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Details of Grant 

EPSRC Reference: EP/F006780/1
Title: Photochemistry in the Membrane: Quantum Chemical Studies of Fluorophores In Situ
Principal Investigator: Hirst, Professor J
Other Investigators:
O'Shea, Professor P Besley, Professor NA
Researcher Co-Investigators:
Project Partners:
Department: Sch of Chemistry
Organisation: University of Nottingham
Scheme: Standard Research
Starts: 01 October 2007 Ends: 30 September 2010 Value (£): 252,590
EPSRC Research Topic Classifications:
Protein chemistry
EPSRC Industrial Sector Classifications:
Related Grants:
Panel History:
Panel DatePanel NameOutcome
08 May 2007 Chemistry Prioritisation Panel (Science) Announced
Summary on Grant Application Form
Some of the most thrilling images of cells come from fluorescence studies, in which green fluorescent protein (GFP) has been attached to biomolecule of interest. The impact of such studies is undeniable, but smaller fluorophores would be less invasive and potentially more faithful reporters of the molecular environment. The development of new fluorophores should ideally be built on a first principles' understanding of the photochemistry of molecules in membrane environments. This proposal takes recent advances in quantum chemistry / selected subspace time-dependent density functional theory (pioneered by, Dr Besley, one of the co-applicants) / and will apply it to a series of molecules and molecular environments, culminating in the study, in an atomistic model of a membrane, of 5-hydroxytrytophan and truncated di-9-ANEPPS: two optical probes of particular emerging interest.This project poses several computational challenges. Electronic excited state calculations, even on isolated molecules, are often not trivial. The incorporation of the molecular environment explicitly into the excited state calculations is a relatively new undertaking, and we propose to extend the approach beyond current limitations (in terms of numbers of atoms and electrons) by exploiting new developments in TDDFT.The application of quantum chemical methods to study biological processes is without doubt an area of research that will grow rapidly in the near future. In conjunction with novel experiments, this will provide detailed and quantitative insight into many biological and medical processes. We propose to use state-of-the-art quantum chemical methods to study the interaction between molecule and membranes through calculations of both the ground and excited states of the fluorophore. These calculations should enable a detailed picture of the molecular-membrane interaction to be established and provide qualitative insight into these exciting new experiments and ultimately our understanding of biological processes at the membrane interface.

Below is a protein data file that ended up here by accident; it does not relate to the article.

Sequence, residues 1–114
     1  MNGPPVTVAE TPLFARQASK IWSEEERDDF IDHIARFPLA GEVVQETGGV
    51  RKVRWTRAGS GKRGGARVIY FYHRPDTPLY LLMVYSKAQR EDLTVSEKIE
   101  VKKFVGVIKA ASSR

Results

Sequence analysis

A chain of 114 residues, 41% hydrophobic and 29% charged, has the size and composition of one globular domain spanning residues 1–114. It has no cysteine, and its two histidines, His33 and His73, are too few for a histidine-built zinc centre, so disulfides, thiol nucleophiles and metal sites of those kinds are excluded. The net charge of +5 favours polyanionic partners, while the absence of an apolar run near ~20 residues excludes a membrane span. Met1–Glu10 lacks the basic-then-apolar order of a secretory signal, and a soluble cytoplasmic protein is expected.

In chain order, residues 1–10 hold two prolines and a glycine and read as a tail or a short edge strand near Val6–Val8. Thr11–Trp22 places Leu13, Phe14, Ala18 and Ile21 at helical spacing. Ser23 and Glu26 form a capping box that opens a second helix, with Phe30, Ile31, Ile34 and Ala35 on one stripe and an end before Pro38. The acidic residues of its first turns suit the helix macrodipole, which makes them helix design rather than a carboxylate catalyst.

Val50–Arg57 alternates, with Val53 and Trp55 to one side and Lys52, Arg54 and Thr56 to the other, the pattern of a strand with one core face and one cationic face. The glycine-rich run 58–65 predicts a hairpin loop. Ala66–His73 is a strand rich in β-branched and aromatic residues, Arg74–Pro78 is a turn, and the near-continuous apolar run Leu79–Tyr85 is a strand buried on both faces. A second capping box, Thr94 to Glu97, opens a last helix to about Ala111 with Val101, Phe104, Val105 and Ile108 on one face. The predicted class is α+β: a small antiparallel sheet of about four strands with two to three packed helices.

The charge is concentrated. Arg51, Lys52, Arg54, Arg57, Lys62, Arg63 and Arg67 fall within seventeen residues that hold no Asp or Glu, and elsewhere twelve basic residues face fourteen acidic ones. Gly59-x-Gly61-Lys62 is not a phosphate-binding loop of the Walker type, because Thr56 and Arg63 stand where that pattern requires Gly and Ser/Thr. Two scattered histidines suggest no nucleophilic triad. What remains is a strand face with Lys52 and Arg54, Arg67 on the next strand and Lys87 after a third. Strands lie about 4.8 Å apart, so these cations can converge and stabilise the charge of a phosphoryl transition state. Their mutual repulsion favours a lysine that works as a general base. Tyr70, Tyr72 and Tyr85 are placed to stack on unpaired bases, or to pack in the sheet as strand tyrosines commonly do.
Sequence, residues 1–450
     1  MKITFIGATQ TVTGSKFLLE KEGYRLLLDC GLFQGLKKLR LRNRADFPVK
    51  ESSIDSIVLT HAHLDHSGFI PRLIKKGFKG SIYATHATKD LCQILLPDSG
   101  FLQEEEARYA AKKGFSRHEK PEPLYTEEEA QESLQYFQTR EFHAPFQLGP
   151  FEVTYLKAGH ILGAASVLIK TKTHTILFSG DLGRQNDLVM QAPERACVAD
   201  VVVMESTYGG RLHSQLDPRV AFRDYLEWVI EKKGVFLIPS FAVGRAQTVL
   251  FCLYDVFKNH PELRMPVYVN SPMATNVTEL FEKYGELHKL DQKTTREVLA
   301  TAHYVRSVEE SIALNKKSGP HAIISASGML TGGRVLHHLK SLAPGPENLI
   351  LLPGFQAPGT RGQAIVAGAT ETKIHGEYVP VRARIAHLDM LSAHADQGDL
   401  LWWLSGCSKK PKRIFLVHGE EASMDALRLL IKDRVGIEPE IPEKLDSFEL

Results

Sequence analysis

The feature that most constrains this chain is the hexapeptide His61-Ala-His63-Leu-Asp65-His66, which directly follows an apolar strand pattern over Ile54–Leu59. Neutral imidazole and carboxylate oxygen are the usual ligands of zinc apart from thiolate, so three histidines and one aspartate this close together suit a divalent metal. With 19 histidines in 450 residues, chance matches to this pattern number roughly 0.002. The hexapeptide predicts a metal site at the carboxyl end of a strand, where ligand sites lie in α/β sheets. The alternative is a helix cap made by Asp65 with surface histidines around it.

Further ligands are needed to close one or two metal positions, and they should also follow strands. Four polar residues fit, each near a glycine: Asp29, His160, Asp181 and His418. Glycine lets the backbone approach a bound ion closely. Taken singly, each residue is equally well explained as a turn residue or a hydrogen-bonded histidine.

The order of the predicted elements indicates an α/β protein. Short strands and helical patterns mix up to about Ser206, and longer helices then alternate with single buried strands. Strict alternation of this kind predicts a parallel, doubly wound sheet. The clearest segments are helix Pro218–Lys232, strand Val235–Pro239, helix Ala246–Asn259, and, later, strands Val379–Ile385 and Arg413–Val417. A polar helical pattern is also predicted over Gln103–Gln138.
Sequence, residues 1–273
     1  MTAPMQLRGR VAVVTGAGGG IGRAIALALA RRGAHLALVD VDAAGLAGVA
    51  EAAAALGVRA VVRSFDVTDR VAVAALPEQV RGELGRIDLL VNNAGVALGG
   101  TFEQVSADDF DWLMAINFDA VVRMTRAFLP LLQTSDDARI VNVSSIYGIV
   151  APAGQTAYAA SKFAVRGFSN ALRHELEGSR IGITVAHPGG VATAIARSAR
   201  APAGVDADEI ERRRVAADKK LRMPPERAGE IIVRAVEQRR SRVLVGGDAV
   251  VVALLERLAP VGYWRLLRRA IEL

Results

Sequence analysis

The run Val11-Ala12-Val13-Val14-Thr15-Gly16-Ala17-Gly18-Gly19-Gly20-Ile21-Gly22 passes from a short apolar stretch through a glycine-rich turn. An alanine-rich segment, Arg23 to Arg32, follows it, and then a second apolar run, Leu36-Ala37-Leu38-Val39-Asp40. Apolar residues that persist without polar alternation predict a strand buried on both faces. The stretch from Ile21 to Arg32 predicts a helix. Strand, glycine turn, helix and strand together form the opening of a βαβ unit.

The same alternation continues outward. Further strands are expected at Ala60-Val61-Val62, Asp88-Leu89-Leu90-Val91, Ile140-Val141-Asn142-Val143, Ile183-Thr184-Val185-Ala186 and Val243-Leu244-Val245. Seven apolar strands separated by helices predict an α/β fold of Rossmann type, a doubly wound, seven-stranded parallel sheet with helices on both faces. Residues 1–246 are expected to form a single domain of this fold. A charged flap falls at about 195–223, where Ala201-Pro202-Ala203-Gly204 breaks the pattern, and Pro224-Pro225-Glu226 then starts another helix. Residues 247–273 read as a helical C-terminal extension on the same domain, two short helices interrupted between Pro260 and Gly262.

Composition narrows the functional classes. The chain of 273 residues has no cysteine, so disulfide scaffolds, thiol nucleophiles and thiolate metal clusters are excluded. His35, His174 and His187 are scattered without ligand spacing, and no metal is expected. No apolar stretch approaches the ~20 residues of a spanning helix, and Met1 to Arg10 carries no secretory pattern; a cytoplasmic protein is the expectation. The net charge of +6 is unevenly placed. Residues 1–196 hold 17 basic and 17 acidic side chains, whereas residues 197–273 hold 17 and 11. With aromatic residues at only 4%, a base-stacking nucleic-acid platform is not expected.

Key Findings
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Date Materialised
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Organisation Website: http://www.nottingham.ac.uk